Journal Article

Amino-acid changes acquired during evolution by olfactory receptor 912-93 modify the specificity of odorant recognition

Isabelle Gaillard, Sylvie Rouquier, Alain Chavanieu, Patrice Mollard and Dominique Giorgi

in Human Molecular Genetics

Volume 13, issue 7, pages 771-780
Published in print April 2004 | ISSN: 0964-6906
Published online February 2004 | e-ISSN: 1460-2083 | DOI: http://dx.doi.org/10.1093/hmg/ddh086
Amino-acid changes acquired during evolution by olfactory receptor 912-93 modify the specificity of odorant recognition

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The sense of smell in mammals can perceive and discriminate a wide variety of volatile odorants. Odorants bind to specific olfactory receptors (ORs) to initiate an action potential that transduces olfactory information to the olfactory cortex. We previously identified the structural motifs of odorant molecules (aliphatic 2- or 3-ketones) required to activate mouse OR912-93 by detection of the odorant response using calcium measurement in transfected cells. In order to study changes in the specificity of this receptor that might have occurred during evolution, we cloned the orthologous genes from six primate species and pig and assayed the encoded receptors for responses to odorants. Primate OR912-93 orthologs share 88–97% sequence identity. All the receptors responded to 2- and 3-heptanone except the squirrel-monkey OR, which responded only to 3-heptanone, and the human and orangutan ORs, which were not functional. Directed mutagenesis allowed us to convert the squirrel-monkey response to that of the other functional 912-93 ORs by substituting three amino acids in the second extracellular loop. Orangutan and human 912-93 ORs regained function after restoration of the arginine residue in the DRY motif required for G-protein activation. However, the human receptor was constitutively activated in the absence of ligand stimulation. Using natural mutants of the OR912-93 receptor, we provide evidence that squirrel-monkeys evolved towards a restriction of the specificity of this receptor and therefore that slight alterations in the sequence of a receptor can induce subtle changes in recognition specificity.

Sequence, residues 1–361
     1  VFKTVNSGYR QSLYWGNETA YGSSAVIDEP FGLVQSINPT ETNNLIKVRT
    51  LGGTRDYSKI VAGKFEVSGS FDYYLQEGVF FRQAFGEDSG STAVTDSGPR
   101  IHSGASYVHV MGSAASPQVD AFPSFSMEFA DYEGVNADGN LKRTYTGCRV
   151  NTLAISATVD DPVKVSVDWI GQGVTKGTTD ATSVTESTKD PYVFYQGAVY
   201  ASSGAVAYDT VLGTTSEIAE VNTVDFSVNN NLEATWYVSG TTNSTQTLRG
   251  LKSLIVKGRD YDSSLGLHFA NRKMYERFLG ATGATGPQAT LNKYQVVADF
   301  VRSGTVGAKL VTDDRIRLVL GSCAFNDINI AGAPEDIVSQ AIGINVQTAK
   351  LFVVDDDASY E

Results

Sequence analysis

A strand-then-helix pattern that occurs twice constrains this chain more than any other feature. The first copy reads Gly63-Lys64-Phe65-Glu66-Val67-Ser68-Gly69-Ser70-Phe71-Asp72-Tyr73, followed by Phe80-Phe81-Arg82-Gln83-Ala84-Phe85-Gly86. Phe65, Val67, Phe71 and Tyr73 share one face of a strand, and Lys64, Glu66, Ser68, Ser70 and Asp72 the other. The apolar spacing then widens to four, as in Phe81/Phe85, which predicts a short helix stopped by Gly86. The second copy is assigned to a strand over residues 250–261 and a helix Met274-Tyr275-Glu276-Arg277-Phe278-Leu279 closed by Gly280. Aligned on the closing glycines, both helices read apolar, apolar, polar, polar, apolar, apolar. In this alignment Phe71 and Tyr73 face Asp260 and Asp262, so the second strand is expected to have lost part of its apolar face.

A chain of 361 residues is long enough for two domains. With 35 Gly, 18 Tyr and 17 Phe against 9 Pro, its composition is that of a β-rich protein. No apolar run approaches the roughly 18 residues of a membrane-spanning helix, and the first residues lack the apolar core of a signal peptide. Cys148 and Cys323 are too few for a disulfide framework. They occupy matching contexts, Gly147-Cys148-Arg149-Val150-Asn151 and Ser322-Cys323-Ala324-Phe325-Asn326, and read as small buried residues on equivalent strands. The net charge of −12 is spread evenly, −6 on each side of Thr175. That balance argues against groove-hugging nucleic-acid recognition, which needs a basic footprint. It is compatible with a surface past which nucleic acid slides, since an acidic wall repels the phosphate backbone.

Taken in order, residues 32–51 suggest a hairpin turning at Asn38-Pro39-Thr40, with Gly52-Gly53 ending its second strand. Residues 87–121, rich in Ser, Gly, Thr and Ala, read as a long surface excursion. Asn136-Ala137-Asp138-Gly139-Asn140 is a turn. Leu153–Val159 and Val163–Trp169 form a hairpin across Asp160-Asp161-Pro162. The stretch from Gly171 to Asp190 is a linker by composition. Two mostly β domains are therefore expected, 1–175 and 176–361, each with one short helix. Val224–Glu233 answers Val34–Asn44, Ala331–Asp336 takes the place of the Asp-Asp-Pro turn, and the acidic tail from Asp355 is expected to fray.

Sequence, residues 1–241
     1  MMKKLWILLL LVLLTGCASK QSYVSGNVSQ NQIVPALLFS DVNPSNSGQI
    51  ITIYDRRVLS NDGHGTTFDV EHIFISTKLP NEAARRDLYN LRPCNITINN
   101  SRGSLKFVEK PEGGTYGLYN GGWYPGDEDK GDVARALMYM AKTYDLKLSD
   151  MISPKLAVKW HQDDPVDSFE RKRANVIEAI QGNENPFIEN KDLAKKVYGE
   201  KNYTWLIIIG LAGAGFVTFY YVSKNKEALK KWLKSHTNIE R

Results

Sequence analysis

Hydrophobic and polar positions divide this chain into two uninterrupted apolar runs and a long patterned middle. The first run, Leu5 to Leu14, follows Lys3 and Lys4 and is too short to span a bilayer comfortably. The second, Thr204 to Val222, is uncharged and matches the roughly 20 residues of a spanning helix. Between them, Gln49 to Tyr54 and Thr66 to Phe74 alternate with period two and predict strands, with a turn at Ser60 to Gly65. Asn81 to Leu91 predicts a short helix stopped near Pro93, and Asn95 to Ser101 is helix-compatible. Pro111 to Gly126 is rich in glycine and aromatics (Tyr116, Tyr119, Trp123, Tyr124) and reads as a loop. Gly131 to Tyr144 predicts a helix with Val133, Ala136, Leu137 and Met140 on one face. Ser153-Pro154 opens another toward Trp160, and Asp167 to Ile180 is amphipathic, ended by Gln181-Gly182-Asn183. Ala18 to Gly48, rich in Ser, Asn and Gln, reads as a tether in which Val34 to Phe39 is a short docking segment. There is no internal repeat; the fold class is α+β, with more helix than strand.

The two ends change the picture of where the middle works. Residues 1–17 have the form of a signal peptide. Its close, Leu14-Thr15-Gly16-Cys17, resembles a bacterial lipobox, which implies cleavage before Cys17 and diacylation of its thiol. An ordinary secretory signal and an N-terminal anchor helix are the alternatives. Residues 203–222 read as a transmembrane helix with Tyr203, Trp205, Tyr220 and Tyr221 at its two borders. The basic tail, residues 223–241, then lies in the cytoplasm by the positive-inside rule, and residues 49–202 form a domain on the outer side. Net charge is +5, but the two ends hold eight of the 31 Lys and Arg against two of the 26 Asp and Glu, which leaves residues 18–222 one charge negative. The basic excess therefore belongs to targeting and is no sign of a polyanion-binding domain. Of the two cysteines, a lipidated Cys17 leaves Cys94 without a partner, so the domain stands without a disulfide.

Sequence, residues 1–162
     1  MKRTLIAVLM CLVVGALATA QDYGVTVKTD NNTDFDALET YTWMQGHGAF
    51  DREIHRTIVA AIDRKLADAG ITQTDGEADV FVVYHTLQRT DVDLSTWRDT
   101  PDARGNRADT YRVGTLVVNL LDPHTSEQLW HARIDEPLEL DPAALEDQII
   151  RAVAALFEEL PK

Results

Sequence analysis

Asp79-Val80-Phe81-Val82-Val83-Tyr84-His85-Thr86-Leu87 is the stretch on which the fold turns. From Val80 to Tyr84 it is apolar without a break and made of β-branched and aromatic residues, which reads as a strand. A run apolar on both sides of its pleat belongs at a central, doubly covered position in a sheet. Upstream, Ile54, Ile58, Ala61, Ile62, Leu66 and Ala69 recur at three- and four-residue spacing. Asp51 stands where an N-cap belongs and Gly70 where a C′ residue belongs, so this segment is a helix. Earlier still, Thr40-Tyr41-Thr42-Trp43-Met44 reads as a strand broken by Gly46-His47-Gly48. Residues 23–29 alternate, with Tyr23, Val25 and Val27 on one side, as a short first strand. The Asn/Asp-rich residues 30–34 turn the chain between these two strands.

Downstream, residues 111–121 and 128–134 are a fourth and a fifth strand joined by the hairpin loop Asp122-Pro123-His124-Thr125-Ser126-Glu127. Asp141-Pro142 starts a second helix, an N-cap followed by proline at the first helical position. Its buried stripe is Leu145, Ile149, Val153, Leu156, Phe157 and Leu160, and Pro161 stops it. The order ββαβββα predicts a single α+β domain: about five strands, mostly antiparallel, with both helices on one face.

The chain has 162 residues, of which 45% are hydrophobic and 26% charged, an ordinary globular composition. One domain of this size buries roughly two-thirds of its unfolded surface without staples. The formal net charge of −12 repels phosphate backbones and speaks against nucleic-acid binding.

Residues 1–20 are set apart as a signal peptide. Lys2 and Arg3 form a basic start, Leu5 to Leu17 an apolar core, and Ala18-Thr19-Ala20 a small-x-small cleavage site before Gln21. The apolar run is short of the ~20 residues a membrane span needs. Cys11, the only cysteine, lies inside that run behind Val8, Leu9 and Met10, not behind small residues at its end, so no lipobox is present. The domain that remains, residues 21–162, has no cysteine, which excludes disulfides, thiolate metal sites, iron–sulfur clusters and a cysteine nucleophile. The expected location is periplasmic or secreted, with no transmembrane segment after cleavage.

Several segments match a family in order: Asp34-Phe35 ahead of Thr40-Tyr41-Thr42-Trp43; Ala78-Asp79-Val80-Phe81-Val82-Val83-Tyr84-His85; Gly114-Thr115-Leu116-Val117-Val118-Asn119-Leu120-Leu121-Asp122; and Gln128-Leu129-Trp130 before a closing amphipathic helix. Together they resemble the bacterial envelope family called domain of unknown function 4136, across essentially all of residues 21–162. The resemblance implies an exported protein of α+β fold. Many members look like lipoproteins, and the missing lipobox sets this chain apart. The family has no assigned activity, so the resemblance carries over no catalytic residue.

Journal Article.  6619 words.  Illustrated.

Subjects: Genetics and Genomics

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